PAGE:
Barker Mansion and Purdue University

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In the fall of 1946 following the end of World War II, Purdue University opened extension centers in La Porte County. With classes originally being held in both Michigan City and La Porte, the staff of eleven professors was forced to rotate between the two cities to teach. During the first two years, the enrollment for classes was high with an all male student body of 25 freshmen and 30 Technical Institute students. Unfortunately the new extension center soon faced the possibility of closure when enrollment began to decline. In an attempt to find a permanent place to hold classes, Mrs. Catherine Hickox was contacted. Mrs. Hickox, the only child of John H. Barker was asked to donate her childhood home to be used as a campus for the Purdue extension center. Mrs. Hickox agreed and negotiations began to settle the fine details of the donation.

Mrs. Hickox was determined to preserve her father’s memory, even if the house would now belong to the university. So, rather than let the university have free reign to take over the house, Mrs. Hickox asked that they leave four rooms untouched. The four rooms on the first floor, the library, drawing room dining room and entrance hall, would be maintained to the standard that they were when the Barker family lived in the house. Mrs. Hickox allowed the university to keep the original furnishings in place, ensuring that the four rooms remained a monument to John H. Barker. Purdue University agreed that when they no longer had need of the mansion, they would turn it over to the Barker Welfare Foundation to be used as they saw fit. In return for this, Mrs. Hickox gave Purdue free reign to remodel the rest of the house to be more suited towards classrooms. By the time the mansion opened for classes in 1949, the basement, second floor, and parts of the first floor had been turned into classrooms, laboratories, and offices. The Barker Mansion was officially ready to start a new era as the Purdue Barker Center.

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When the mansion opened for students in 1949, the original staff of eleven was down to only three full time professors teaching 35 freshmen and 24 Technical Institute students. The Barker Center’s daytime freshmen courses maintained a low enrollment, but the part-time night classes for the non-traditional students and the general public were very popular and need a constantly growing staff of part-time professors. By 1951, the Barker Center had 51 students enrolled in just the summer classes. This may seem like a small number but it was significant due to the fact that the Barker Center, unlike most of the other universities in Indiana, had not experienced a drop in enrollment. In addition to that, 20 of the 51 students were from large universities and were home for summer vacation. This high (for the Barker Center) number of students and the lack of a drop in enrollment encouraged Director Waterhouse to look into expanding summer workshops and classes for the general community. When he did so, he was meet with greet success across the board. The workshops and classes were loved by the community and covered everything from hands on technical training to speech therapy workshops to classes on how to arrange flowers.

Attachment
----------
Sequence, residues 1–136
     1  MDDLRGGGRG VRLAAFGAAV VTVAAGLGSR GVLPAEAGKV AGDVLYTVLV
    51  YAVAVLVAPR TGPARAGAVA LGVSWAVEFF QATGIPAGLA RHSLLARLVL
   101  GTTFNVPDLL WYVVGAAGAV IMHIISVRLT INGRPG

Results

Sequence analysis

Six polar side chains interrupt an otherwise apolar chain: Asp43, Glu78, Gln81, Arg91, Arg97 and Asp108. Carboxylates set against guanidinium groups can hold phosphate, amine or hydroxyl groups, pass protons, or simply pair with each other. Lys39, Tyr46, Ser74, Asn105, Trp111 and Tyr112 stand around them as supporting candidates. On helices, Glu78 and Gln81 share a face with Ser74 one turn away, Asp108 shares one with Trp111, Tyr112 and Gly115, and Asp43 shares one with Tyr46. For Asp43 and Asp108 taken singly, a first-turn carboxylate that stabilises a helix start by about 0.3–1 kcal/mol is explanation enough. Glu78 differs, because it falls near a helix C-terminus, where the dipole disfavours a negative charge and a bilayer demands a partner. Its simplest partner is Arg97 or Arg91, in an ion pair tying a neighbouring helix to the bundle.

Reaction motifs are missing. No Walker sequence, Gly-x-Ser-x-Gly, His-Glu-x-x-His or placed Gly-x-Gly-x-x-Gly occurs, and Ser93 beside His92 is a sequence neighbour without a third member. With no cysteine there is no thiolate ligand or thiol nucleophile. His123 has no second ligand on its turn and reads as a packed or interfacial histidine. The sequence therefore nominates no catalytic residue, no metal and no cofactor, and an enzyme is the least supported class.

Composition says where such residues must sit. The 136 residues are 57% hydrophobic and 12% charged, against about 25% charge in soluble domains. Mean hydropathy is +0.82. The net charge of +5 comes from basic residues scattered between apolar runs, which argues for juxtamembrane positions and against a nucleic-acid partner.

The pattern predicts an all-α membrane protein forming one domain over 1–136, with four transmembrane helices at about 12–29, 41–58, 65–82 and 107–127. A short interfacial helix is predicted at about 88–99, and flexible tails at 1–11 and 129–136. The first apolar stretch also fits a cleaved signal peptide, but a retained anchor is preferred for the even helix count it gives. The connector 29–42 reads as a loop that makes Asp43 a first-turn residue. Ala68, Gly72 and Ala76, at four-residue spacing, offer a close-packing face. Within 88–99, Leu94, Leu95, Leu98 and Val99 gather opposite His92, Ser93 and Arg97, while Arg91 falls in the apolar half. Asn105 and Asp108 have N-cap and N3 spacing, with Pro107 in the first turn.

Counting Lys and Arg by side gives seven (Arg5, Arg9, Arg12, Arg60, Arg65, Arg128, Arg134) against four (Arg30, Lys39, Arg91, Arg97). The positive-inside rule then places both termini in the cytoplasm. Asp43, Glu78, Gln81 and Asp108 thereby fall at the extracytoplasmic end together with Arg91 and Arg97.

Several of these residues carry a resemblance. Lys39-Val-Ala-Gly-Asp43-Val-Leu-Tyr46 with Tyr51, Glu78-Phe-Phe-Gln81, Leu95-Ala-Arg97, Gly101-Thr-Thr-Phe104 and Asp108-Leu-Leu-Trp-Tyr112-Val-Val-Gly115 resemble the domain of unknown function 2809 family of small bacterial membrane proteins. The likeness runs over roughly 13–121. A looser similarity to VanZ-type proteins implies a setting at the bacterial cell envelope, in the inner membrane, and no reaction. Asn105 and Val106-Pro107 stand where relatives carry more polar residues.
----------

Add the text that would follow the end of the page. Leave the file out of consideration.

Unlike most universities in the early 1950s, the Barker Center never experienced the expected 12% enrollment drop. Instead, the center had a steady rate of growth that would continue on until the early 1960s. Then, due to the rate of growth of the incoming student body, Purdue made the decision to purchase land in Westville to build a campus on. By 1968, the new campus was ready and Purdue officially moved campuses and renamed their La Porte County extension center Purdue University North Central. This marked the beginning for this newly named campus and the end of another era for the Barker Mansion.

It is hard sometimes to look around this grand mansion and imagine classes being held in the master bedroom and students studying in the library. Yet this is a part of our history here at Barker Mansion. Not only that, but we have to say our thanks to Purdue for all of the precautions they took to ensure that the mansion looks as beautiful now as it did over one hundred years ago.

Until next time this was Heritage Interpreter Jackie Perkins!